psarhjinian

    Personally, I prefer the more urban stylings of the Previa, and would like to own a supercharged example with a retrofitted stick-shift.

    But I can appreciate this.

  • avatar
    carve

    I wonder why nothing like this is offered in the US? It seems to step right over the mom-mobile stigma, and would be a great hike/bike/ski/camp/surf weekend-warrior vehicle.

    • 0 avatar
      Mandalorian

      It wouldn’t sell more than 3. The Tahoe is the American answer to your question.

      It’s a cool vehicle, but owning a Right Hand Drive on Left driving roads just seems a bit ridiculous to me.

      • 0 avatar
        gtemnykh

        You’re correct sales wise, but the Delica’s packaging is monumentally more efficient than the Tahoe, and the offroading chops are probably in the favor of the Delica as well.

        I fit this ‘weekend warrior’ profile to a ‘T.’ I hike, camp, canoe, fish, mountain bike. It’s nice to be able to sleep comfortably sleep in your vehicle, for example if you get to your site after dark. Or if camping with friends, the extra space is needed. Last time I took my MPV with friends, it was 5 big guys, a canoe, tents and packs, a cooler, etc. Everything fit, just. I sure was thankful to have load leveling air suspension on that trip.

        Around here, new Tahoe = petite pretty soccer mom/trophy wife driving kids to private school (image wise). Wranglers, Tacomas, Xterras, Subarus, Audis seem to be the preferred conveyance of the young, fit, outdoorsy set.

        The big advantage of the fullsize GM SUVs is definitely towing. If you have some weekend toys like dirt bikes or quads or a boat then they are a excellent choice.

  • avatar
    PJmacgee

    Great story and writing, thanks! My friend’s family had a 4wd Previa when we were in high school, ’90s 4wd minivans are so kickass for some reason…

    “And sometimes, a little time together away from the infotainment that surrounds us is all the luxury a family needs”

    Amen, brother.

  • avatar
    EAF

    Great story of an awesome minivan. Now turn up the boost pressure!

  • avatar
    readallover

    There are a bunch of these around Vancouver. And all sorts of JDM imports, too. That`s because of a JDM dealer called Japanoid in the suburb of New Westminster. They import mostly work trucks, but cars and vans, as well.

    • 0 avatar
      kmoney

      You’re starting to see Kei cars and trucks around Vancouver now too for delivery vehicles and small landscaping companies. There is a Subaru Sambar running around here — 660cc supercharged i4 micro van. Cool stuff.

  • avatar
    toadroller

    That was a fantastic piece of writing, from the staging of the answers before the questions to the Scarlett Johansson bit to the ‘influenced by.’

    I thoroughly enjoyed it.

  • avatar
    Nick 2012

    Someone in Canada needs to import a Toyota Century. Because Toyota V12.

  • avatar
    ClutchCarGo

    2 captains chairs and 3 boys sounds like a recipe for perpetual arguing/whining.

    • 0 avatar
      JohnTaurus_3.0_AX4N

      Well, the odd man (boy) out has the rear bench all to himself. I remember when my parents first bought a minivan in 1990 ( brand new Ford Aerostar XL extended). Instead of fighting for the front seat as with mom’s previous vehicle (1985.5 Escort 3 door), we were happy to sit in the back because of the novelty of having soooooo much room and comfort all to ourselves (especially compared to the ‘Scort, or worse, riding in the covered bed of dads single cab Ranger).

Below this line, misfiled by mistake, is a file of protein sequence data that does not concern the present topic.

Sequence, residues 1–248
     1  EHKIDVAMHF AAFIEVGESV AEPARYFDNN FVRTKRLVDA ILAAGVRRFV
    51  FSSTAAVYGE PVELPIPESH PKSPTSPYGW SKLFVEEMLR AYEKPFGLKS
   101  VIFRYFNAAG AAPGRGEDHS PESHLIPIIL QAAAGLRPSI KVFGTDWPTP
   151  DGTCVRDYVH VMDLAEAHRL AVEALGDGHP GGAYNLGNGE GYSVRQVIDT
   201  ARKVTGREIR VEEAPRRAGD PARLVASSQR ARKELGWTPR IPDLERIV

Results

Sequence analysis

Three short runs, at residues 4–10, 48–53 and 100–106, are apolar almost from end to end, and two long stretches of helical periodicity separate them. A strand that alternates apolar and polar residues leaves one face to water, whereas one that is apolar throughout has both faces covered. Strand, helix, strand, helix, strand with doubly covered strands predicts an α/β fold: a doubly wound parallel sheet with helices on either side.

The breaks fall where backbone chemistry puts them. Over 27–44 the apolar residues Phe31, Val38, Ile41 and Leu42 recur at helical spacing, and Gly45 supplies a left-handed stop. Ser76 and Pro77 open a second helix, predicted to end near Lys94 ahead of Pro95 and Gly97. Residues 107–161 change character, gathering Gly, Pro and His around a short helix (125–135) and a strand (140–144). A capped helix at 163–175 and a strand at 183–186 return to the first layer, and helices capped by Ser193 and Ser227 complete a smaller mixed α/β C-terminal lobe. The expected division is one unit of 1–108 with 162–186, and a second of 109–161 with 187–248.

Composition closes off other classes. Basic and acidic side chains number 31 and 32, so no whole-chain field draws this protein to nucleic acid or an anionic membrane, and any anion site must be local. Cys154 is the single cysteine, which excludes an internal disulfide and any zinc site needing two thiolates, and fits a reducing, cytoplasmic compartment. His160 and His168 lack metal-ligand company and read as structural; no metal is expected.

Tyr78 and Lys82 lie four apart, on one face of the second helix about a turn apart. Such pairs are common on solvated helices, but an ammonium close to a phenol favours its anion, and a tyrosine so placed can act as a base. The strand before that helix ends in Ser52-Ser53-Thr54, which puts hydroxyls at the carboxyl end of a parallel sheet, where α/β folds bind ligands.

• avatar
    Robert

    As a proud member of the He-Man Minivan Lovers Club, well done sir!

  • avatar
    wstarvingteacher

    Great article about a very interesting vehicle. I came to all this 4wd stuff recently. Had always considered them unreliable (probably macho dudes beat them excessively in 4wd magazines). Now I think they are necessary. Have owned vans and mitsubishis before but never a mitsubishi van with 4wd. Sounds like the perfect solo vehicle for me.

  • avatar
    Blaz

    At first I thought I was looking at a korean van made by Hyundai (an old Hyundai H1 4×4):

  • avatar
    KrohmDohm

    Love these things. They were all over northern Japan when I was stationed there. Maybe if someone (Hyundai, cough cough!) had the guts to bring them to the States we could make Minivans cool here too.

  • avatar
    05lgt

    It’s a thing of beauty.

  • avatar
    Starwagonturbod

    I have the same sort of questions whenever I drive my 89 L300 Delica Starwagon in Massachusetts. I imported it last August and amazingly enough had the pleasure of meeting the author of this excellent read. I bought my van through the same importer and needed some assistance in getting some paperwork printed up before my border crossing. That is when James came to the rescue and let me use his office. I am forever grateful! Excellent writing James and thanks again. Keep it shiny side up.

    Chris

  • avatar
    DownUnder2014

    Is this an auto or stick?

Read all comments

Back to TopLeave a Reply

You must be logged in to post a comment.

Recent Comments

  • EBFlex: ” serial adulterer” Yes shouldn’t he be completely canceled for that? Per the leftist mob...
  • ToolGuy: You can rearrange the letters of MOVEMENT THAT INSPIRES to spell: – HESITANT IMPROVEMENTS –...
  • conundrum: I lived in London from 1969 to 1974. There never was a 2.6 litre version of this Essex V6 engine. The 2.5l...
  • ToolGuy: In fairness, it all started with the Clown Cars.
  • ToolGuy: Part of me remembers the power window switches being mounted in the center console (and only in the center...

New Car Research

Get a Free Dealer Quote

Who We Are

  • Adam Tonge
  • Bozi Tatarevic
  • Corey Lewis
  • Mark Baruth
  • Ronnie Schreiber